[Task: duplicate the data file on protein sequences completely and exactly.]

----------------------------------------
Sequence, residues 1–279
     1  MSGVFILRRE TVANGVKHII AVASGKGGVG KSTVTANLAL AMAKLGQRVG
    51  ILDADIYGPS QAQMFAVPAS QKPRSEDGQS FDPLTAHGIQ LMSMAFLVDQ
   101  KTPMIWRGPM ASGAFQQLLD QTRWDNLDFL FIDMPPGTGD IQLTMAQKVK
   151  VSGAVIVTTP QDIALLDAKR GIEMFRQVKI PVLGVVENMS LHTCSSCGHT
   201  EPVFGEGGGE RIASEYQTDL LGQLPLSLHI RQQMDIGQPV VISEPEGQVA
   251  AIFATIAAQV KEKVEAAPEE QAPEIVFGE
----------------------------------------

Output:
Sequence, residues 1–279
     1  MSGVFILRRE TVANGVKHII AVASGKGGVG KSTVTANLAL AMAKLGQRVG
    51  ILDADIYGPS QAQMFAVPAS QKPRSEDGQS FDPLTAHGIQ LMSMAFLVDQ
   101  KTPMIWRGPM ASGAFQQLLD QTRWDNLDFL FIDMPPGTGD IQLTMAQKVK
   151  VSGAVIVTTP QDIALLDAKR GIEMFRQVKI PVLGVVENMS LHTCSSCGHT
   201  EPVFGEGGGE RIASEYQTDL LGQLPLSLHI RQQMDIGQPV VISEPEGQVA
   251  AIFATIAAQV KEKVEAAPEE QAPEIVFGE